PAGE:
At WANdisco, we firmly believe that Subversion is a commercial quality version control system that’s capable of supporting even the largest enterprise organizations. Subversion has plenty of features for large scale implementations, including:
1) Enhanced software management capabilities.
2) Atomic commits – these allow enterprise users to track and audit changes.
3) Web technologies – Subversion is much easier to use in an enterprise environment than some competing solutions, as it uses web technologies.
4) Established professional support options.
5) Licensing – Subversion is licensed under the commercial-friendly Apache license.
Common Challenges in Enterprise-Enabling Subversion
…But it isn’t all plain sailing! There are some challenges enterprises commonly face when adopting Subversion, particularly as globally distributed working environments have become standard practice. Many of these problems can be traced back to Subversion’s central server model, which creates a single point of failure. This can cause a number of problems:
- when the remote sites and the central server are in different time zones, it can take the administrator at the central server site until the next business day (from the remote site’s perspective) to restore access.
- if there is a transient WAN connection failure between a remote client and the server, the entire commit has to be resubmitted, with a central server implementation.
- loss of productivity when the central server fails, and users at the remote sites do not have immediate access to the latest code.
- slow networks can encourage developers at remote sites to checkout and/or commit infrequently. This increases the chances that when a developer performs a commit, they will have to go back and deal with other peoples’ changes; a potentially time-consuming process.
- lots of unnecessary read operations taking place over the WAN, as users at remote sites repeatedly perform read operations to access the same files. This degrades the performance of the central Subversion server and the network.
- every remote request entails a WAN penalty. Although Subversion clients only send changes to the central server when modifications to existing source code files are committed, when a new file is committed or an existing file is checked out, the entire file is sent over the WAN.
- when Subversion is implemented with an Apache Web Server as a front-end, and the WebDAV HTTP protocol is used, the WAN penalty can be significant. This is particularly true of commits that consist of a large number of files.
So, how can you overcome these common headaches, and get Subversion ready for the enterprise?
Clustering technology allows multiple computers to be bundled into one network. This is useful to ensure that mission-critical applications, services and resources are as highly-available and fault-tolerant as possible, by removing that single point of failure. There are three major benefits to implementing clustering technology in Subversion:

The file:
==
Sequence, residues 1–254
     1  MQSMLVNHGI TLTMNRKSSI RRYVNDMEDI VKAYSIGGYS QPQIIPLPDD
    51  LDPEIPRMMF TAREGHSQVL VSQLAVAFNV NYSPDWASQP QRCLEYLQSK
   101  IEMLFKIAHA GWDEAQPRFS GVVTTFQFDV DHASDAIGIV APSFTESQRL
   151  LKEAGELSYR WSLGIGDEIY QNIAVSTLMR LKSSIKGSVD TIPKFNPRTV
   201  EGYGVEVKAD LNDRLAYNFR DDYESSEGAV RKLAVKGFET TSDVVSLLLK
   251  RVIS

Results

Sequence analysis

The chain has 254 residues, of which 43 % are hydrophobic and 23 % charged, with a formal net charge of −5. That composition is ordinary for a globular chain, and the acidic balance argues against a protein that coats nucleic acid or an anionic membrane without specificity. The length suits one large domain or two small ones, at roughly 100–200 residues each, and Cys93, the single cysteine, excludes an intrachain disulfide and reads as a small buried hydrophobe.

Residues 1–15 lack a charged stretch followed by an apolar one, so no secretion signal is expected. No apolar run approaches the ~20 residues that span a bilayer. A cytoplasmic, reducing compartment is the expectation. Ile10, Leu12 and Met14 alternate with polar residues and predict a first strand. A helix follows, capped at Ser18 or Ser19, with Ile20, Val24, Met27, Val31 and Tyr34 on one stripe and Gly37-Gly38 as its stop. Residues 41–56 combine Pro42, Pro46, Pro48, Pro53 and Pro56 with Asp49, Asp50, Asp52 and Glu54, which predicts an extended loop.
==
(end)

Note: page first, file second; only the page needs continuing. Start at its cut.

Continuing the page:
1) Ensures business continuity by preventing any downtime or data loss, and achieving 24-by-7 availability.
2) Improve performance by off-loading continuous integration builds to a peer server. From a scalability standpoint, clustering means that organizations have the appropriate infrastructure in place to support new users, without sacrificing performance.
3) In the event of a server failure, clustering allows applications and services to automatically failover to another node without affecting the end users.
With SVN Clustering, WANdisco provides Active/Active Replication technology, with intelligent load balancing to guarantee that servers stay continuously in sync over both LAN and WAN networks. SVN Clustering achieves this synchronization by automatically triggering replication whenever a user connected to any server, at any location in the cluster, issues a write command. This replication process is so efficient that even over a WAN, the time required to complete transactions and coordination with all the servers in the cluster, is brief enough that the user experiences this happening at a local area speed. SVN Clustering’s load balancing also optimizes performance by routing users’ requests to the servers with the most available capacity.
Peer-to-peer architecture is used to partition tasks and workloads among ‘peers,’ which are equal participants in an application. With a peer-to-peer architecture, all nodes act as both server and client; there is no need for a dedicated server and no single point of failure. The distributed nature of peer-to-peer networks increases resilience in the event of failures, by replicating data over multiple peers.
WANdisco offer peer-to-peer architecture for Subversion, through our Subversion MultiSite product. With Subversion MultiSite, all of Subversion’s central servers are kept fully synchronized, thanks to an instance of WANdisco’s secret sauce – essentially a replicator that is installed on every Subversion server. These replicators work cooperatively to ensure transactional consistency, effectively becoming mirrors of one another. Replication is triggered automatically whenever a user connected to any server issues a write command, and the commit is then propagated out to any other sites, ensuring that distributed repositories are kept in sync. The WANdisco replicator is implemented as a transparent network proxy for each site’s local Subversion server. It’s normally installed on the same server as Subversion, or Apache at each site, so no additional hardware is required.